Ten ways to get ready for a snowstorm


We’re starting to see temperatures drop, which means driving conditions could become icy as we head into winter. To help keep safe, your car needs to be just as prepared as you. (NEWS10)

ALBANY, N.Y. (NEWS10)- The first significant snowfall of the 2020-2021 winter season is on its way to the Capital Region. In advance of the winter storm expected Wednesday evening into Thursday, NEWS10 has created a list of 10 things to keep in mind while preparing.

1. Make a plan

The American Red Cross said talking over an emergency plan with the people who live in your home helps reduce fear, particularly for young children. Talk about how to limit driving, what to do if the power or heat goes out, and what to do in case of an emergency like calling 9-1-1. Pets should be kept inside.

2. Prepare the inside of your home

  • Keep flashlights, other battery-powered lights, extra batteries, and blankets ready.
  • Keep cell phones charged and have another way to charge them if the power goes out.
  • Have foods that don’t need to be refrigerated or cooked like fruit, granola/protein bars, peanut butter, and bread on hand.
  • Prevent pipes from freezing by turning on every water faucet to a slow drip. The American Red Cross also has a list of ways to keep pipes from freezing.

3. Prepare the outside of your home

  • If using a generator, make sure it works ahead of the storm and that there is enough fuel on hand.
  • Keep vents clear of snow.

4. Know what winter weather-related words mean

  • A winter storm watch is issued when “conditions are favorable” for a winter storm event whereas a winter storm warning is issued when a winter storm is expected.
  • A blizzard warning is issued when wind or wind gusts 35 miles per hour or more will accompany snowfall and reduce visibility to less than a quarter-mile for three or more hours.
  • A wind chill warning is issued when wind chill temperatures “reach or exceed” -25 degrees Fahrenheit for the next 12-36 hours.

*Source: Weather.gov

5. Pay attention to local snow emergencies

Most municipalities post snow emergencies on their websites or social media.

6. Limit travel

Stay home and keep travel to emergencies only. This allows municipalities and the state to remove snow safely, more effectively.

7. Exercise care during snow removal

Cold weather can increase both heart rate and blood pressure. It can also decrease blood supply in the body because it causes arteries to constrict and can make blood clot easier. The National Safety Council offers the following advice when shoveling:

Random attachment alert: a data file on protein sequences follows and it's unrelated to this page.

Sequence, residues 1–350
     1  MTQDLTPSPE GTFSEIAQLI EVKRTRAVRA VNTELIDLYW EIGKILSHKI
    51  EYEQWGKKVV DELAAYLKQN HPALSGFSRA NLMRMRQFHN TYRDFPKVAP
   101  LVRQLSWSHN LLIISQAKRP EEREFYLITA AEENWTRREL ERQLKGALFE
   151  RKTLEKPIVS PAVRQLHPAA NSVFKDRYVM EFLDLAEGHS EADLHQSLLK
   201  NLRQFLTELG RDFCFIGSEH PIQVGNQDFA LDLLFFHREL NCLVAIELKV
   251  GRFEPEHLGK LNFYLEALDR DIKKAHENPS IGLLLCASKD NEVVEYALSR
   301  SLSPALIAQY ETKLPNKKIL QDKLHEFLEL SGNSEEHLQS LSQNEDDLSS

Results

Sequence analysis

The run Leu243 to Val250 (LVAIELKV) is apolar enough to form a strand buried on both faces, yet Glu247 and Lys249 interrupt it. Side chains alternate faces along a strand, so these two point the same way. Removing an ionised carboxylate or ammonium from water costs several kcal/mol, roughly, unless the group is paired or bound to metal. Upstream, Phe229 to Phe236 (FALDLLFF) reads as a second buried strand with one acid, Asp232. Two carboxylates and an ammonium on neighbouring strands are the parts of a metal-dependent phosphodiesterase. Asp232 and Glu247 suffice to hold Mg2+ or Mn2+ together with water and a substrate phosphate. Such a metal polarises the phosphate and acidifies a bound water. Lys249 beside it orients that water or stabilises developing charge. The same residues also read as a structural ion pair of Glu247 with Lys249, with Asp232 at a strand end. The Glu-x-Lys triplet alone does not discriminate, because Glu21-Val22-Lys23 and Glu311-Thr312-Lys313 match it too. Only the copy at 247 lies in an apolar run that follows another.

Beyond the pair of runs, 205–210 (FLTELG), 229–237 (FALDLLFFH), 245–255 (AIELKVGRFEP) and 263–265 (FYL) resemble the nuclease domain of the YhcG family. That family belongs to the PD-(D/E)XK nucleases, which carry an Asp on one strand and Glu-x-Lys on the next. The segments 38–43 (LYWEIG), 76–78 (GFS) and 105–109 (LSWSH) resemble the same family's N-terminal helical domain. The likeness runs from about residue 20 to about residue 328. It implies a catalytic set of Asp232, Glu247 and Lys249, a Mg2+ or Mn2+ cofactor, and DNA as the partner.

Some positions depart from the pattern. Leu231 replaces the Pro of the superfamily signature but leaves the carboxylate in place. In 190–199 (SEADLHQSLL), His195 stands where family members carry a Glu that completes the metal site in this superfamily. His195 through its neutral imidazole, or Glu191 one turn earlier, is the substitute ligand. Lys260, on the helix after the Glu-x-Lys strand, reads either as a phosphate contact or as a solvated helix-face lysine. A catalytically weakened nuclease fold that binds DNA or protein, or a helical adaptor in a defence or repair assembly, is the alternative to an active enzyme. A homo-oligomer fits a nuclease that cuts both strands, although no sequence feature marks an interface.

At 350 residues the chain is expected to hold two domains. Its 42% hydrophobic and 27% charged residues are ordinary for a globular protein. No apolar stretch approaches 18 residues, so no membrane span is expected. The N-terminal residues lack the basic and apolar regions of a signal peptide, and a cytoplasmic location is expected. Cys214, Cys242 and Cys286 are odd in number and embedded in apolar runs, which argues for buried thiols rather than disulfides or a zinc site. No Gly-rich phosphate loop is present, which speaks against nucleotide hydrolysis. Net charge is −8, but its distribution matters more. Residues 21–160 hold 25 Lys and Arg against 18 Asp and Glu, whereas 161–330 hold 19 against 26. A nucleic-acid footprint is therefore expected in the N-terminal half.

• Don’t shovel after eating or while smoking.
  • Stretch before shoveling and take it slow.
  • Shovel fresh, powdery snow because it’s lighter.
  • Push the snow as opposed to lifting it.
  • Use a small shovel or fill a shovel partially if it’s being lifted.
  • When lifting snow, lift with the legs and not the back.
  • Don’t work to the point of exhaustion.
  • Know the signs of a heart attack! Immediately stop shoveling and call 9-1-1 if showing any symptoms of a heart attack.

8. Keep side and walkways clear

Homeowners are responsible for keeping side and walkways clear of snow and ice. Many municipalities have ordinances in place that require homeowners to clear the snow on the sidewalk in front of their residence, check with your municipality to see if there is something in place.

If you have a fire hydrant in front of your home, clear the area around it. This will make it easier for fire crews to hook up to the hydrant, saving time during an emergency.

9. Know the signs of frostbite and hypothermia

  • Signs of frostbite include loss of feeling and/or color in fingers, toes, and around the face. Frostbite victims can also experience numbness and firm or waxy skin. Their skin will also turn white or grayish-yellow. People with frostbite should go to a warm room, soak in warm water, or use body heat. A heating pad or massage should not be used.
  • Victims of hypothermia will have a low body temperature. Having a temperature below 95 degrees Fahrenheit is considered an emergency. Signs of hypothermia include shivering, exhaustion, confusion, fumbling hands, memory loss, slurred speech, or drowsiness. Victims should go to a warm room and warm the chest, neck, head, and groin first. They should also stay dry and be wrapped in warm blankets, including head and neck.

*Source: Ready.gov

10. Prepare your vehicle

If you do have to travel AAA suggests waiting for road crews to clear roads. They also suggest keeping the following items in a vehicle in case of an emergency:

  • Shovel
  • Reflective vest, snow clothes, gloves, and winter boots
  • Sand or cat litter
  • Flashlight
  • First aid kit
  • Jumper cables
  • Windshield washer fluid

AAA said drivers should avoid traveling during the peak of the storm and should stay with their vehicle if they breakdown or get stuck.

Copyright 2021 Nexstar Inc. All rights reserved. This material may not be published, broadcast, rewritten, or redistributed.

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